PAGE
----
Working From Home Boosts Productivity According to Study

If you think working from home means lounging around in your pyjamas, eating copious amounts of snacks and watching reruns of Ellen then think again (although that does sound like a pretty great way to spend a morning).

Contrary to popular opinion, research has shown that remote workers aren’t lazy slackers who can’t be bothered dealing with rush hour traffic. In fact, they are actually much more productive than their office counterparts.

The study was conducted by Stanford Professor Nicholas Bloom. He enlisted the help of James Liang, co-founder and CEO of Ctrip, China’s largest travel agency.

Ctrip employs over 16,000 people. Laing was curious about introducing a policy of remote working to the organisation for two reasons. Office space in Shanghai is extortionately expensive and many of his employees were travelling long distances to get into work which led to fatigue and disengagement.

Like all good CEOs, he wanted to test out remote working before taking the plunge.

working from home

Boom helped him by designing a test whereby 500 employees were divided into two groups. The first group (a control) continued to work at Ctrips HQ. The second group was granted permission to work from home. The only stipulations were that they had a private room where they could work, at least a six-month tenure with the company and decent wifi access.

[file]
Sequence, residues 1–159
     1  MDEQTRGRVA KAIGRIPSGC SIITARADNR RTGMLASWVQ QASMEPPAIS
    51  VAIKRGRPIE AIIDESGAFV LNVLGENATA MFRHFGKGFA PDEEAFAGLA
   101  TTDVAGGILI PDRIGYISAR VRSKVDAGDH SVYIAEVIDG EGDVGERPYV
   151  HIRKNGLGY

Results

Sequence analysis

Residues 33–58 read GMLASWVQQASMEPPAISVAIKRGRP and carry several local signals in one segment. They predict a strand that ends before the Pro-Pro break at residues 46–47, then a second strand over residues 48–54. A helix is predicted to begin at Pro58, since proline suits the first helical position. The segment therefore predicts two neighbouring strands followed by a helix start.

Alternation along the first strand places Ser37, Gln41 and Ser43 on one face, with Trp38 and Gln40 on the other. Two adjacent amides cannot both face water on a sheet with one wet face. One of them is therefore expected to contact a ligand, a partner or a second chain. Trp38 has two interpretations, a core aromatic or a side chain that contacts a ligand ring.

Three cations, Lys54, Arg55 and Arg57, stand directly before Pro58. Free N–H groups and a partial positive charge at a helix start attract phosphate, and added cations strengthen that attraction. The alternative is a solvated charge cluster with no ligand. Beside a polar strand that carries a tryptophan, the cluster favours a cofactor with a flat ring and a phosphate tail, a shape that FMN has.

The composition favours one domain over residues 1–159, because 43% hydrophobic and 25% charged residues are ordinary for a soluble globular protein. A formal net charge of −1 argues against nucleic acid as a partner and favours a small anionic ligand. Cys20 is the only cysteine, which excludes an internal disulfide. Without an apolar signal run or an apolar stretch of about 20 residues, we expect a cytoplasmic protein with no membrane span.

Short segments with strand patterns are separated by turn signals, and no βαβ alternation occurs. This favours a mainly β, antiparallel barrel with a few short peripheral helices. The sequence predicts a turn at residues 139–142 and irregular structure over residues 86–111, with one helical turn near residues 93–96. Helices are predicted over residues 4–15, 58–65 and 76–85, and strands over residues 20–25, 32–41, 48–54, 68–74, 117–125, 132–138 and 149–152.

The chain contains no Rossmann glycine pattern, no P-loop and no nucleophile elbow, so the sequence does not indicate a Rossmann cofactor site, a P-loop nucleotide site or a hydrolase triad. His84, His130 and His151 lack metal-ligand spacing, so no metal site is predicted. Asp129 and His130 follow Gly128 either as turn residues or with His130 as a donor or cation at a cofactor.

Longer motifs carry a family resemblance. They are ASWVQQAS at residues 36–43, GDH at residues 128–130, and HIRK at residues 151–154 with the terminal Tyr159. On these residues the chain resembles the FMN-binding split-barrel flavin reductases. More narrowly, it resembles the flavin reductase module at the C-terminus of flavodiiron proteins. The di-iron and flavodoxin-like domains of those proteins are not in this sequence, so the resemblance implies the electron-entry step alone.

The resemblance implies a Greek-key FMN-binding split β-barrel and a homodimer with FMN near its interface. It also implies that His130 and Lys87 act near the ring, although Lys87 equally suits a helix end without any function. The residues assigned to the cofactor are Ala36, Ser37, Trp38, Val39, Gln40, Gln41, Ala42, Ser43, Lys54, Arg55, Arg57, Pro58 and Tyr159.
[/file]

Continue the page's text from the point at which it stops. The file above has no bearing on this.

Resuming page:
The two-year study found an impressive productivity boost among the remote workers. Not only did they work a full ”true-shift” they also found it easier to concentrate at home.

Additionally, the telecommuters took shorter breaks, had fewer sick days, and took less time off.

As an added bonus the company saved $2,000 per employee on rent by reducing the amount of HQ office space.

So, if you’re still trying to convince your boss to let you work from home then it might be time to show them this study.


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Author Alice Murray

Alice Murray is a Content Creator at Jobbio with a passion for Employer Branding and Graduate Culture. She's a keen traveller and a self-proclaimed lazy runner.

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